The Slovak Parliament adopts the Act on Protection of Competition which contains rules on merger control

The new Slovak Competition Act will come into force on 1 June 2021. While the primary purpose of adoption of the new legislation is the transposition of Directive 2019/1 to empower the competition authorities of the Member States to be more effective enforcers and to ensure the proper functioning of the internal market (ECN+ Directive), the merger control area has not been ignored. The new Competition Act no longer contains special notification thresholds for creation of full-function joint ventures, introduces the power of the Antimonopoly Office of the Slovak Republic (AMO) to impose interim measures, specifies time limits in merger review proceedings, and inevitably deals with the impact of the COVID-19 pandemic.

Notification criteria

The criteria for notification of concentrations according to the new Competition Act follow the well-established logic of firm turnover thresholds. A concentration is subject to mandatory notification to the AMO if:

A. the combined aggregate turnover in the Slovak Republic of the undertakings concerned for the last financial year preceding the concentration was at least EUR 46 million and, at the same time, at least two of the undertakings concerned have each generated, in the Slovak Republic, an aggregate turnover of at least EUR 14 million for the last financial year preceding the concentration; or

B. the aggregate turnover for the last financial year preceding the concentration in the Slovak Republic was:

  • in case of a concentration by merger or amalgamation of two or more independent undertakings, at least EUR 14 million generated by at least one of the concerned undertakings and, at the same time, the worldwide aggregate turnover generated for the last financial year preceding the concentration generated by another of the concerned undertakings was at least EUR 46 million;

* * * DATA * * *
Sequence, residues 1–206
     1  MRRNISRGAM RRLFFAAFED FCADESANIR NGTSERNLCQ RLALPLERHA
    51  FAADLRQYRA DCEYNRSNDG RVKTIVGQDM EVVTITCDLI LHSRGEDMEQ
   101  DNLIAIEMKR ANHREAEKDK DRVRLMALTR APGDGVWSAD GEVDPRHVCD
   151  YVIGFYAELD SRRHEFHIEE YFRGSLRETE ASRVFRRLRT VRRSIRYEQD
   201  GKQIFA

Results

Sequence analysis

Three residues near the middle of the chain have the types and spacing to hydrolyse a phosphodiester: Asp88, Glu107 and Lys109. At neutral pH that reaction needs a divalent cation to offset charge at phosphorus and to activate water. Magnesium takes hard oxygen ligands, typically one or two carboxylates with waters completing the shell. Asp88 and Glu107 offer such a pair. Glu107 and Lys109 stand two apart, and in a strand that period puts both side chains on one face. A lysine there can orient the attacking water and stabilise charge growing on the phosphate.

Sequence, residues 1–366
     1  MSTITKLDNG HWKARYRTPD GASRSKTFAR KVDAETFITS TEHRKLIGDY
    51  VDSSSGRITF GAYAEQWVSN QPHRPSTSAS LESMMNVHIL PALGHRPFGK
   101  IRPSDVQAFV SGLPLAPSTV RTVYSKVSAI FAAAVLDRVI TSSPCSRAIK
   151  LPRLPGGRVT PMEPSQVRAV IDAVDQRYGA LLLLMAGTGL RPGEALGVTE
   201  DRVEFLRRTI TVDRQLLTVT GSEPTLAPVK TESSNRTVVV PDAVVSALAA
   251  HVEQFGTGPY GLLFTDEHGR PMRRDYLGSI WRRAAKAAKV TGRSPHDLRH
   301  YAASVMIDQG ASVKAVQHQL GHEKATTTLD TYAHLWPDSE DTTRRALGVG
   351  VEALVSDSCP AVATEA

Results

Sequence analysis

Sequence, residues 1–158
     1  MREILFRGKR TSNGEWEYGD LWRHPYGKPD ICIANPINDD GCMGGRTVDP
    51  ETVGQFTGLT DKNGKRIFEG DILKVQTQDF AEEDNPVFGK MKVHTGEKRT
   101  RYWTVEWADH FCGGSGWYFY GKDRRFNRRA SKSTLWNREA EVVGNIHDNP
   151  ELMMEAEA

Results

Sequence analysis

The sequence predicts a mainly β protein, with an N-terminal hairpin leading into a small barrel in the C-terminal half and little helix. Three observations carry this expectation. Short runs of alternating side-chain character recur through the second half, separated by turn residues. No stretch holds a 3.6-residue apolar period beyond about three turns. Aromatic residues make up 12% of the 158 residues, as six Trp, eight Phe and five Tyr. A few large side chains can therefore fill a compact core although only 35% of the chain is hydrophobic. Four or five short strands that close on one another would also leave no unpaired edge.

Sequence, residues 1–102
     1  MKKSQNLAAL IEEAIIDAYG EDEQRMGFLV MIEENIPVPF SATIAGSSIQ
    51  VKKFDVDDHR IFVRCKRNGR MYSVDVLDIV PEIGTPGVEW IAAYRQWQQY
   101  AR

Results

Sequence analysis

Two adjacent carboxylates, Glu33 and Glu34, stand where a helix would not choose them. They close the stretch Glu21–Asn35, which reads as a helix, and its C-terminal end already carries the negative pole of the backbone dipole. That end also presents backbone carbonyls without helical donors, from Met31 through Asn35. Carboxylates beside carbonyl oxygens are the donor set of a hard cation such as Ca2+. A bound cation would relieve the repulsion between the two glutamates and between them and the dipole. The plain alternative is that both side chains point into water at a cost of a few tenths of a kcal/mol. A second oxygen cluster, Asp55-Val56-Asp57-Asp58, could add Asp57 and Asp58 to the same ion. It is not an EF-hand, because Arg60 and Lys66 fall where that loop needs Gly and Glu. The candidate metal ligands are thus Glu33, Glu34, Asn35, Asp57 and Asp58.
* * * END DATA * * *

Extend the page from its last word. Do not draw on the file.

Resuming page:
• in case of a concentration by an acquisition of control, at least EUR 14 million generated by at least one target undertaking and, at the same time, the worldwide aggregate turnover for the last financial year preceding the concentration generated by any other of the concerned undertakings was at least EUR 46 million.

The new Competition Act no longer contains the special notification thresholds for concentrations by creation of full-function joint venturers, which were subject to notification if the aggregate turnover of at least one of the undertakings creating the joint venture in the Slovak Republic was at least EUR 14 million for the last financial year preceding the concentration, and at the same time, the worldwide aggregate turnover of another of the undertakings concerned was at least EUR 46 million for the last financial year preceding the concentration.

The threshold, not requiring the joint venture itself to have any turnover in Slovakia, was generally considered unnecessary, since it caught several purely foreign-to-foreign transactions with no relation to the Slovak market (including such diverse transactions as entry of Indian investor to businesses based in Germany, Italy, UK, the Netherlands, Singapore, Brazil, Mexico, China, and USA, establishment of automotive manufacturer in Thailand, or renovation and operation of the airport in Santiago de Chile). Moreover, it was difficult in practice to distinguish between some cases of establishment of full-function joint venture and acquisition of joint control.

Under the new Competition Act, concentrations by establishment of full-function joint ventures will be assessed under the general notification threshold, and the threshold for acquisitions of control.

The provision in the first draft of the new Competition Act on the basis of which the AMO should have gained the power to assess concentrations not meeting the turnover thresholds based on an alternative turnover and market share threshold, was dropped in the legislative process, and was not included in the final wording of the act.